Bucket Strategy with TSP Funds

This morning I woke up at 4 and couldn’t get this idea out of my head. After texting my wife who is visiting her sister in England, I knew I couldn’t fall back to sleep. So, I said, “well, let’s get at it…” And here I am. Sharing with you thoughts that have been kicking around in this old noggin’ of mine.

So, let me start from the beginning. I’ve ALWAYS been a fan of the bucket strategy for retirement. The reason for this is due to the concept of mental accounting. Our brains are wired to compartmentalize things. Thus the prevalence of lists. Ever click on a link “The 5 Best Places to Visit in Maine”? “The 3 Reasons Why You Will Run Out of Money In Retirement”….things like that.

We like things in an organized, easy to follow manner. It eliminates the clutter and makes things easier to deal with.

The bucket strategy is mental accounting. “This is my growth money. This is my income money. And this is my day-to-day money.” Easy to follow and easy to implement.

On a side note, another aspect of mental accounting, and what probably won Richard Thaler the Nobel Prize, is the idea that we are very comfortable spending money from INCOME sources, paycheck, capital gains, dividends… but not so much from principal.

Thus, at least it’s my contention, that one of the reasons retirees spend less isn’t because they are running out of money but rather because of the source of their income. Paychecks are gone, replaced to some degree by Social Security. But the other income a retiree needs has to come from somewhere and it’s from savings. No one likes to spend principal! So, they are more inclined to make due with what they have as opposed to purchasing something they could go without to avoid tapping their principal. It’s a very interesting topic, actually.

ANYWAY, back to the topic at hand. The point of the bucket strategy is two-fold. First, when you separate your immediate income needs into its own stand alone account you do not need to worry about selling a portion of your holdings when the market is getting crushed in order to put food on the table. Markets down 20%? The LAST thing we want to do is sell $10k worth of assets in order to pay for daily living expenses! That’s bad.

So, to avoid that we have that $10k already in reserve from the get-go. People get that concept. Which brings me to the second point of the bucket strategy….people understand it.

Trust me on this, take a retiree and throw him or her into a bunch of products they don’t understand (looking at you annuities and indexed life insurance!) The minute something goes weird in the markets how comfortable do you think those retirees are going to be with their own investments? After the initial sales pitch, they are completely left of their own to figure out what they have.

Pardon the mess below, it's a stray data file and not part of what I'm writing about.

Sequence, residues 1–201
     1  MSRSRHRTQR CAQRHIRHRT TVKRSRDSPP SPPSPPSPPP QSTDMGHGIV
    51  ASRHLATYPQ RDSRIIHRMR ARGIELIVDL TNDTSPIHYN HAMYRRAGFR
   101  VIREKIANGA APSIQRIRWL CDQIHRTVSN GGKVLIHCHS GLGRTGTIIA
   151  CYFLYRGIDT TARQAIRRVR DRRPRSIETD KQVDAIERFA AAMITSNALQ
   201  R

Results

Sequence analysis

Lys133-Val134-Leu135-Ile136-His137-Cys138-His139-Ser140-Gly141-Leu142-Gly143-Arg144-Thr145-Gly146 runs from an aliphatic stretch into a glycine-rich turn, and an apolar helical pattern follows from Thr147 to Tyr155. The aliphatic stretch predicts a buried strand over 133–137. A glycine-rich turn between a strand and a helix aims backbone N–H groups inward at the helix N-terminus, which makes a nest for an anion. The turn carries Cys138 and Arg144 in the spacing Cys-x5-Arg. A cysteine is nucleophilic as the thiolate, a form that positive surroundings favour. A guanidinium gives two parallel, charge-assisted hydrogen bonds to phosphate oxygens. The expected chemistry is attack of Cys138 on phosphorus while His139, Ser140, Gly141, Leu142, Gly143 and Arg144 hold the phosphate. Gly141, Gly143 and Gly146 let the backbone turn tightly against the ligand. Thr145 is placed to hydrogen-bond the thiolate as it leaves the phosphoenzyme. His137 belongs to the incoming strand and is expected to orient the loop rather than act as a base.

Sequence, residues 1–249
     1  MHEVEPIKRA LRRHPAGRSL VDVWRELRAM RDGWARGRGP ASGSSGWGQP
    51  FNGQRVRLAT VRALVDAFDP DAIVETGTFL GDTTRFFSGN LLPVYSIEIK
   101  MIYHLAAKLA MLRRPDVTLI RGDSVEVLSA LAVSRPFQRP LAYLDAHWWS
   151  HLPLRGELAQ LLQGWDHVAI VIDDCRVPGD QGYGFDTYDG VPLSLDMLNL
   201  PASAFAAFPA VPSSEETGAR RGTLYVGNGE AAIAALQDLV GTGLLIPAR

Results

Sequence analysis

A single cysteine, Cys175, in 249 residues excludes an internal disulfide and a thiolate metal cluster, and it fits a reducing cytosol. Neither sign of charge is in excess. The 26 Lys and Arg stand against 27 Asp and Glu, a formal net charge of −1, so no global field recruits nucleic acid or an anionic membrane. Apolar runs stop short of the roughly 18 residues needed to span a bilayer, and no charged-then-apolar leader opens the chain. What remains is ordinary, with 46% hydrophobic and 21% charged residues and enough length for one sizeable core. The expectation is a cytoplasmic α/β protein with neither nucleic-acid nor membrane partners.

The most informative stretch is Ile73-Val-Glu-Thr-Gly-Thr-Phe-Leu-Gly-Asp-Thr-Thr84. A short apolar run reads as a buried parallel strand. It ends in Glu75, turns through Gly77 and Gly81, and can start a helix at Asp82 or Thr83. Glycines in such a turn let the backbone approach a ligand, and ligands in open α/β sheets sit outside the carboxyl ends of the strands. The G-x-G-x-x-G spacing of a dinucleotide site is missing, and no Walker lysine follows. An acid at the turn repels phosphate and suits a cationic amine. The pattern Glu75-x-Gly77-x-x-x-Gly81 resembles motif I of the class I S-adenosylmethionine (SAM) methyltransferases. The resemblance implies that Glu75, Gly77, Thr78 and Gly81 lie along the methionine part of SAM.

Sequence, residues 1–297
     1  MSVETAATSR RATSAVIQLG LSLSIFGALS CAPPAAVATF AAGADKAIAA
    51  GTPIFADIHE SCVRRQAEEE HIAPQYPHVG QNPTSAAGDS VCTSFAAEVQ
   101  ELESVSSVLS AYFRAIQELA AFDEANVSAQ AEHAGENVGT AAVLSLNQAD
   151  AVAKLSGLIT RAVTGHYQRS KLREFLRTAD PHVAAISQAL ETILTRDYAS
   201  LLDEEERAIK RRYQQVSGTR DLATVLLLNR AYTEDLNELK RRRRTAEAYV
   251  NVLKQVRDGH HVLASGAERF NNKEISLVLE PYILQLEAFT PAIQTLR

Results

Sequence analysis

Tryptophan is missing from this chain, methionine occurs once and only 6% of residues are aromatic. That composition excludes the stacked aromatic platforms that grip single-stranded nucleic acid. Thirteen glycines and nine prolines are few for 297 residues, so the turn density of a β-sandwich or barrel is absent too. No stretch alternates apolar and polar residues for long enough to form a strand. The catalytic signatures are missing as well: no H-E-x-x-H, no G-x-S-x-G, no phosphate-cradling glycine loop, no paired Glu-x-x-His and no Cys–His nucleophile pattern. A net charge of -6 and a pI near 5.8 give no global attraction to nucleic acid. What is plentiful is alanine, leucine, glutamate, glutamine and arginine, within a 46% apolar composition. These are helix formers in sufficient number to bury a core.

Think some buyers remorse may set in? Indeed.

Yeah, you could even make an argument with some products that because the retiree didn’t get crushed nearly as much as someone in the market, they’d be more comfortable. Nope. The retiree will say to himself “okay, I’m not getting killed as much as other people, at least I think. I’m not sure why. But I guess that’s a good thing.”

While the end result is seemingly positive, the lack of understanding of how it came to be is not comforting in the least. “What if next time it’s different?” You can hear the retiree’s brain scream in wonder.

Complexity is the enemy of a comfortable retirement. Even if the complexity is ultimately a more efficient and profitable endeavor, the lack of understanding leads to a feeling of helplessness which does NOT create a sound retirement plan.

So, enter the bucket approach. Simple to understand, simple to implement and track. Is it the most efficient way to invest and grow your wealth? No. Not at all. But retirement really isn’t about efficiency. It’s about the ability to sleep at night!

A guy I follow in the industry wrote an article titled “Does The Bucket Approach Destroy Wealth?” His take is 100% correct in that the bucket approach is not the most efficient way to build wealth in retirement. No argument from me there at all. But that point is completely irrelevant. Not one time has anyone looking at retirement, or in retirement, ever approached me and said “you know something Josh, I want the most efficient retirement plan out there in order to maximize my wealth.”